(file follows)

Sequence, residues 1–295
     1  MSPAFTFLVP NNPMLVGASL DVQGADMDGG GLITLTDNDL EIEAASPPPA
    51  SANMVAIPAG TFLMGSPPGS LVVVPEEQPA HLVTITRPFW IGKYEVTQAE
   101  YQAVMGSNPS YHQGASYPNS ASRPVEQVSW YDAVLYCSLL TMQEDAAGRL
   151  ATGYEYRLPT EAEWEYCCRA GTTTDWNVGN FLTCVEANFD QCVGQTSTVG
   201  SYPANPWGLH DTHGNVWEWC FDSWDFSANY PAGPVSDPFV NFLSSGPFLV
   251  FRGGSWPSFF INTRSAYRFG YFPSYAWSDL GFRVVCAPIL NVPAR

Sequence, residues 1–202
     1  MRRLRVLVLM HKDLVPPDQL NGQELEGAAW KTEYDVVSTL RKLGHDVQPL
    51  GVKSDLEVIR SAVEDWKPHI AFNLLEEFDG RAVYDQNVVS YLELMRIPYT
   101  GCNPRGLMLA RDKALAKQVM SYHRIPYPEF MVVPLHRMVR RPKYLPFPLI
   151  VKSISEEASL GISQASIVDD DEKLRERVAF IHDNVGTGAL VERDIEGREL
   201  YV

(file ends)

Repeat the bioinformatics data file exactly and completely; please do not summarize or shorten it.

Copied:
Sequence, residues 1–295
     1  MSPAFTFLVP NNPMLVGASL DVQGADMDGG GLITLTDNDL EIEAASPPPA
    51  SANMVAIPAG TFLMGSPPGS LVVVPEEQPA HLVTITRPFW IGKYEVTQAE
   101  YQAVMGSNPS YHQGASYPNS ASRPVEQVSW YDAVLYCSLL TMQEDAAGRL
   151  ATGYEYRLPT EAEWEYCCRA GTTTDWNVGN FLTCVEANFD QCVGQTSTVG
   201  SYPANPWGLH DTHGNVWEWC FDSWDFSANY PAGPVSDPFV NFLSSGPFLV
   251  FRGGSWPSFF INTRSAYRFG YFPSYAWSDL GFRVVCAPIL NVPAR

Sequence, residues 1–202
     1  MRRLRVLVLM HKDLVPPDQL NGQELEGAAW KTEYDVVSTL RKLGHDVQPL
    51  GVKSDLEVIR SAVEDWKPHI AFNLLEEFDG RAVYDQNVVS YLELMRIPYT
   101  GCNPRGLMLA RDKALAKQVM SYHRIPYPEF MVVPLHRMVR RPKYLPFPLI
   151  VKSISEEASL GISQASIVDD DEKLRERVAF IHDNVGTGAL VERDIEGREL
   201  YV